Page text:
The Friday Letter Archive

A collection of the president's weekly messages to the Vandal family


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Friday Letter 2014-10-31

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Dear Friends,
With Veteran’s Day around the corner, we have an opportunity to recognize the service of the men and women in our armed forces — student cadets here at the University of Idaho, current military and returning veterans.
In “This Crested Hill,” a history of our university, we’re reminded that “The University of Idaho grew in part from the idea that land-grant colleges should provide the nation with a ready fighting force, a body of responsible citizen soldiers.”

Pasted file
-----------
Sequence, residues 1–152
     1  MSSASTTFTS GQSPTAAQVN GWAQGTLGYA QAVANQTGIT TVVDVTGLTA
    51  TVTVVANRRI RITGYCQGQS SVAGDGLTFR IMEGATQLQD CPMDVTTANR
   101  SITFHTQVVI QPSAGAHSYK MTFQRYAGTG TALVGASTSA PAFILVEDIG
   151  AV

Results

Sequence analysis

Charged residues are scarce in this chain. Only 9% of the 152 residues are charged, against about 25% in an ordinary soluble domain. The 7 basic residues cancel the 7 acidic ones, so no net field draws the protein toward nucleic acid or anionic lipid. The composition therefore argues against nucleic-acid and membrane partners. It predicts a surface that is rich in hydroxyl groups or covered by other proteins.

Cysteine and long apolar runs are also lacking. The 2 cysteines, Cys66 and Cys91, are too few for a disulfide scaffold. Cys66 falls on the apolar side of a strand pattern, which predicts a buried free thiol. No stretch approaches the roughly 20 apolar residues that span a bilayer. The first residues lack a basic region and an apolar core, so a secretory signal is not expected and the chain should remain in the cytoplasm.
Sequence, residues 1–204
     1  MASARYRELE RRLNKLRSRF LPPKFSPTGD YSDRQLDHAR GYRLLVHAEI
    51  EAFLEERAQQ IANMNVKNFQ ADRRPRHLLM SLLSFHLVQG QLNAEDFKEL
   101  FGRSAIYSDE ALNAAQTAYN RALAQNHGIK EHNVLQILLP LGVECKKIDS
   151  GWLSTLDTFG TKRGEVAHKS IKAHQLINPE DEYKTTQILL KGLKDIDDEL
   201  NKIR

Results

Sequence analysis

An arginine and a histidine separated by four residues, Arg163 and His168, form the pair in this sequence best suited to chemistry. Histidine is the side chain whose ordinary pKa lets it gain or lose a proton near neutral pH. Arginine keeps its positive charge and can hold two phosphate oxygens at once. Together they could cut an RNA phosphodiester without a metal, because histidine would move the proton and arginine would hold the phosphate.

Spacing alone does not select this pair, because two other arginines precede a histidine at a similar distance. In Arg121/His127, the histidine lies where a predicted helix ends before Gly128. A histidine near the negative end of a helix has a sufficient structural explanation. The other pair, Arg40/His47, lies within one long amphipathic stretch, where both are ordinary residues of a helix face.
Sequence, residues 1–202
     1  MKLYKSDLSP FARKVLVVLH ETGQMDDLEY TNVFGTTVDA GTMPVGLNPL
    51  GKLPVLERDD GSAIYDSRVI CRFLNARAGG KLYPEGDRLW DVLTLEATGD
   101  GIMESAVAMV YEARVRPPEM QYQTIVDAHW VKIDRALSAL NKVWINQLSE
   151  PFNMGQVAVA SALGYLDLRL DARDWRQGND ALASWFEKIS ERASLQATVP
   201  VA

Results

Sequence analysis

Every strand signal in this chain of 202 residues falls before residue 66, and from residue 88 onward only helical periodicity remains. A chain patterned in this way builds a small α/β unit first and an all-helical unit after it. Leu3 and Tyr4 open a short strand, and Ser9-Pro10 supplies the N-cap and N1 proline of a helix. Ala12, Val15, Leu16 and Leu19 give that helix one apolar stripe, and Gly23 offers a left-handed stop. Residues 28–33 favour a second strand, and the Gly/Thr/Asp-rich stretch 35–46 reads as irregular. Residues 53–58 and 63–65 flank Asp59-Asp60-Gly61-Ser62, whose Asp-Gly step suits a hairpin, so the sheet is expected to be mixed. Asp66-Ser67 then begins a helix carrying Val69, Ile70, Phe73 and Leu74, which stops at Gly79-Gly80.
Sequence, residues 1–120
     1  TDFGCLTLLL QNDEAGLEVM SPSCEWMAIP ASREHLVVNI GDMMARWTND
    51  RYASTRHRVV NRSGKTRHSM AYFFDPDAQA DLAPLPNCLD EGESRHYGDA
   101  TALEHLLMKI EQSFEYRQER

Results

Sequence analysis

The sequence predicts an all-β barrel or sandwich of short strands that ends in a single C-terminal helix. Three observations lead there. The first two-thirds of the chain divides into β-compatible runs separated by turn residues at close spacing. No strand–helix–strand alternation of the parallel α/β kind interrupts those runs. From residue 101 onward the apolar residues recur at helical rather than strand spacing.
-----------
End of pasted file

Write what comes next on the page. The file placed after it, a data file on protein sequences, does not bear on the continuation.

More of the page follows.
The university’s first military commander, Lieutenant Edward R. Chrisman, took the reins in 1894, overseeing the training — then compulsory — of all male students. A large percentage of UI students served in the Spanish-American War, and our students and graduates have served the U.S. military since. Women also played a role in our early military history, as the fabled, albeit informal, “Company C” organized in the late 1800s presaged a later age when women would serve alongside men in the Army, Navy and Air Force ROTC units.
Then as today, ROTC cadets grow as leaders. Some think of leadership as an innate or natural quality, but at UI we know that leadership can be inspired, nurtured and honed — for military service and for life outside the military.